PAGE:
#18 - JRL 7209
28 May 2003
Gang Wars in Moscow, Changes Inside Criminal World Viewed
Article by Oleg Fochkin:
A Rusty Crown. Kingpins Live Now By Principles of Oligarchs, Killing, Buying Up Plants, and Resting on Islands
This spring has been marked in Moscow by reverberating criminal turf wars. Bloody executions of "active members of criminal groups" (as agents fighting organized crime call professional criminals) have become permanent features in police reports. Rumors have been getting around the city that a new war broke out among kingpins and that its outcome will be terrible. Is it so? How strong is currently the bandit movement anyway? What processes are taking place inside it?
Appetizer of Lead
On 21 March at 0130 hours, operatives and ambulance paramedics went out on a call to the upscale Takeh sushi bar on Kutuzovskiy Prospekt. On the crime scene, there were two corpses and four wounded people waiting for them.
Two hours earlier, six Caucasians drove to that by in a Jaguar, BMW, and a jeep. They sat calmly in the corner, ordered a bottle of wine, and talked quietly about something. At 0115 hours, two foreign-made cars, their back windows wound down, steered to the bar. Automatic rifle bursts shattered the bar's front window. All the visitors got hurt, while the hit men quickly threw down their weapons and disappeared. Nobody even managed to remember license numbers of their cars.
The hurt people were Chechens, who came from Groznyy, and Azerbaijanis. Killed on the spot were bodyguard and killer Rasim-ogly Badalov and kingpin Muslim Khaskhanov (Muslim), who received a shot in the head. Those wounded included Ruslan Musayev (Kazbek) from Shatura near Moscow, Khaskhanov's friend and right hand; 35-year-old Artik Dobchayev (Artek), also a kingpin and one of the Chechen diaspora leaders; kingpin Mubaris Gadzhi-zade (Rafis) and Isa Mustafayev, both leaders of the Azerbaijani group. Several days later, Artek died in the hospital. When the shooting started, shocked Dobchayev rose and managed to shout: "We are getting shot by the 'blacks!'"
A kingpin is a respected, experienced career criminal whose opinion cannot be ignored in the underworld. He is crowned in secret gatherings. This ceremony cannot be conducted without full compliance with the kingpin law.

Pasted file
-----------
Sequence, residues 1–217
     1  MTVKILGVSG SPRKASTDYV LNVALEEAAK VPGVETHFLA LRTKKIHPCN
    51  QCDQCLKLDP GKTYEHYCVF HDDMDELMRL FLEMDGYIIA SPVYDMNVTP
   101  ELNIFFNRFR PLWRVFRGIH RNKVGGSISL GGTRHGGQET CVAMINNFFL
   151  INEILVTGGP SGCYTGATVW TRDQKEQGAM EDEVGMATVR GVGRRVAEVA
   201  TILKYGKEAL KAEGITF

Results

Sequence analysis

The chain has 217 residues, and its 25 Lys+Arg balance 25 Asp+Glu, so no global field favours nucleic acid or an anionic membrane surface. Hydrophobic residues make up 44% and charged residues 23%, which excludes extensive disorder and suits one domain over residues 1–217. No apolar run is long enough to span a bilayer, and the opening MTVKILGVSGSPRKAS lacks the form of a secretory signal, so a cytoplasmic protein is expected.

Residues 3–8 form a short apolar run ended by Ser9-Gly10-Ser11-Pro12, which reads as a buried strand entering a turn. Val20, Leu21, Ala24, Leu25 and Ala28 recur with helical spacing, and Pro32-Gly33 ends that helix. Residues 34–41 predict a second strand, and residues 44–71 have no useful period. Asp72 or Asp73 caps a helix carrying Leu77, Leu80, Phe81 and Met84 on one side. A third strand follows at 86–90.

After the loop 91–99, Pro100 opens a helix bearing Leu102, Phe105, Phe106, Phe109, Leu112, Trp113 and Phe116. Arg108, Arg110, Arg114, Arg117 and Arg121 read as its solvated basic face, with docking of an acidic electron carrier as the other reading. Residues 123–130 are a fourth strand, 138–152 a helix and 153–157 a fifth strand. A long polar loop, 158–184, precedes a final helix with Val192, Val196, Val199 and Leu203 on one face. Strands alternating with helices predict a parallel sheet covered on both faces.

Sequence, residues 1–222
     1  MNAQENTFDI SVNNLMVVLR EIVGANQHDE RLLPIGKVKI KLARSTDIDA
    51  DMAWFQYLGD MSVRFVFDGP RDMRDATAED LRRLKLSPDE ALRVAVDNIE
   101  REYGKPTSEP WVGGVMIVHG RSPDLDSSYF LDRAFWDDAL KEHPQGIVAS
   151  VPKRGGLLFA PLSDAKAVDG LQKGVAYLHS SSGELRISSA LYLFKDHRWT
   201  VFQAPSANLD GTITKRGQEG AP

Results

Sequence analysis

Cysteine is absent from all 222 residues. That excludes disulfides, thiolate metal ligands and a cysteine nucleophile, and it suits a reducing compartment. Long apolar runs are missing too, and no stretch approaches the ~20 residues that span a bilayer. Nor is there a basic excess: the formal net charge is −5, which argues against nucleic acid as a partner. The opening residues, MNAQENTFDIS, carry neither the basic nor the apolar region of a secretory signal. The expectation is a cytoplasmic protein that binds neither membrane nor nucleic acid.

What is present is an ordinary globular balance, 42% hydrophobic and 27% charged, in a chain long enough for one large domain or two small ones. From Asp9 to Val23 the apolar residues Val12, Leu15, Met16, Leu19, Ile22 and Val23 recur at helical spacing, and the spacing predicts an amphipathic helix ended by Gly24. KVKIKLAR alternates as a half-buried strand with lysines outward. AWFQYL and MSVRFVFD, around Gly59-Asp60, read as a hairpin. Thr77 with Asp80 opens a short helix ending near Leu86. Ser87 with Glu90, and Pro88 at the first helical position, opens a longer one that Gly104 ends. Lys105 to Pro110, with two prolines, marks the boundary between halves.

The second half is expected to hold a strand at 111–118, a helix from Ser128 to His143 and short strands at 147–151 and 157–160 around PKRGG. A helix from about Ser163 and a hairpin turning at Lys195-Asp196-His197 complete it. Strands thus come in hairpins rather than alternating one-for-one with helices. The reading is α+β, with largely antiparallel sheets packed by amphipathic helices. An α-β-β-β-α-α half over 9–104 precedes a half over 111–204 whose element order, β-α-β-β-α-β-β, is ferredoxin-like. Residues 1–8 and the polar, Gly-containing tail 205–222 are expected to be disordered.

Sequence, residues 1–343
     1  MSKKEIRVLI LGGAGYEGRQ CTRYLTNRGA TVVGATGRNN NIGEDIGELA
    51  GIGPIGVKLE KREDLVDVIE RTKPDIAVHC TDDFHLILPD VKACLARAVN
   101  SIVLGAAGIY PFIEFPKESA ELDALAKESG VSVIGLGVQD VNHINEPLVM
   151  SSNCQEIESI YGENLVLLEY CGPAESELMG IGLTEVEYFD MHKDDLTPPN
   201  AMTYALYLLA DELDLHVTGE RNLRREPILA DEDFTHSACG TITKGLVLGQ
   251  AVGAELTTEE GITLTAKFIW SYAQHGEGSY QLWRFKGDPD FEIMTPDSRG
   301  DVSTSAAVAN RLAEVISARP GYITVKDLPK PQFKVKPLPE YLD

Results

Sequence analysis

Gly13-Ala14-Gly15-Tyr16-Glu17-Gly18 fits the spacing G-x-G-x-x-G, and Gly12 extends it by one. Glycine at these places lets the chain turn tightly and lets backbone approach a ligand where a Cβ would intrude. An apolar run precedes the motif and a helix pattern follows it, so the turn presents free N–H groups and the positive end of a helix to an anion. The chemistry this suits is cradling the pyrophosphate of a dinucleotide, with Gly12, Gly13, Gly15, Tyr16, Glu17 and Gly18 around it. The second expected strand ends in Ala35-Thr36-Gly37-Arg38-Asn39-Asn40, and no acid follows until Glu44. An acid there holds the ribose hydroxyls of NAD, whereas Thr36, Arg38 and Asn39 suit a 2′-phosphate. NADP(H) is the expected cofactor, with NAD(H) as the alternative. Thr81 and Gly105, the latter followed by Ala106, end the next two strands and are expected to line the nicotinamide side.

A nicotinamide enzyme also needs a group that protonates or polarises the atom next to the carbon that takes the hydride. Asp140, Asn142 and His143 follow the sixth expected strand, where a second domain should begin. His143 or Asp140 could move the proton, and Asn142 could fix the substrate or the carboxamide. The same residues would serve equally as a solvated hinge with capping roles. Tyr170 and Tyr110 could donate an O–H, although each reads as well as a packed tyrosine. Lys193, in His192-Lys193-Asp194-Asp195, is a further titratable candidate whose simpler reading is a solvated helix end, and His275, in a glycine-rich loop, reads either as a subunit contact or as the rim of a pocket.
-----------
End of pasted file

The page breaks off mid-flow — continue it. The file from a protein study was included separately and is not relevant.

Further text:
Operatives believe that the assault victims convened for a routine "regional" gathering, which was attended by representatives of Azerbaijan, Chechnya, and Moscow and Nizhniy Novgorod Oblasts. The hit men's main target was undoubtedly 30-year-old kingpin Khaskhanov, one of the leaders of the Chechen organized group.
A New War?
Who and why shot the criminal visitors of the bar? Several theories at once appeared. According to one, it was an attempt to resolve a conflict between the Chechen and Azerbaijani groups for control over rich merchants from the Cherkizovskiy market. They reportedly discussed also a general situation in the city. After all, the events on Dubrovka heavily undermined the influence of ethnic groups in Moscow. Of course, the "Slavic" groups (some point to the Izmaylovo gang) immediately took advantage of the situation and started to push the Caucasians out. However, the Izmaylovo people clearly did not take part in the high-profile bar shooting. The fire was opened by Caucasians!
Some supposed that this could have been done by Dagestanis, who also had some economic claims to the killed gangsters. Specifically, the name of criminal boss Grigoriy Gimbatov (Grisha Rezannyy) was cited. He had long been at odds with Muslim and an attempt on his life was made in central Moscow in which two of his relatives died...
A criminal boss is a person belonging to the underworld and occupying a high position in it. He lives by the criminal code of honor. When the kingpin is away from the turf, he acts as "turf supervisor" and is appointed to this post only based on a written or verbal consent expressed by a group of kingpins. A kingpin can also be called a boss but in every-day life people call "boss" a criminal leader with a lower rank. This definition does not cover modern bandit bosses who do not recognize the leadership of kingpins: the so-called "freeze-offs."
Some suppose that the Chechens themselves are involved in the execution. A reason for these assumptions are events that occurred last fall, when Lecha Boroda (Islamov), a well-known field commander and a Chechen criminal boss, who was convicted in Krasnodar, was deported under guard to Moscow. Right after his arrest, he declared himself a kingpin. According to the "rules," however, the "brigadier general" who fought and killed may not wear the "criminal crown." Besides, the bandits held no meeting and there was no "recommending person," both of which are mandatory requirements in this situation. "General" Islamov's lot would have been a hard one, had influential kingpins Robinzon Arabuli, Sasha Tashkentskiy, Khuseyn Slepoy, Petso, and Omar Ufimskiy not come to his defense.
However, the Chechen kingpins, including Artek and Muslim, stuck to their guns and refused to recognize Lecha Boroda a kingpin. This is specifically why a local gathering was convened in the Salyut Hotel. Passions ran high at that meeting and evolved into a knife fight and Artek additionally got hit in the head with a stool. That did not resolve the problem, while "physical insults" inflicted on the gangster only worsened the strained situation inside the Chechen camp.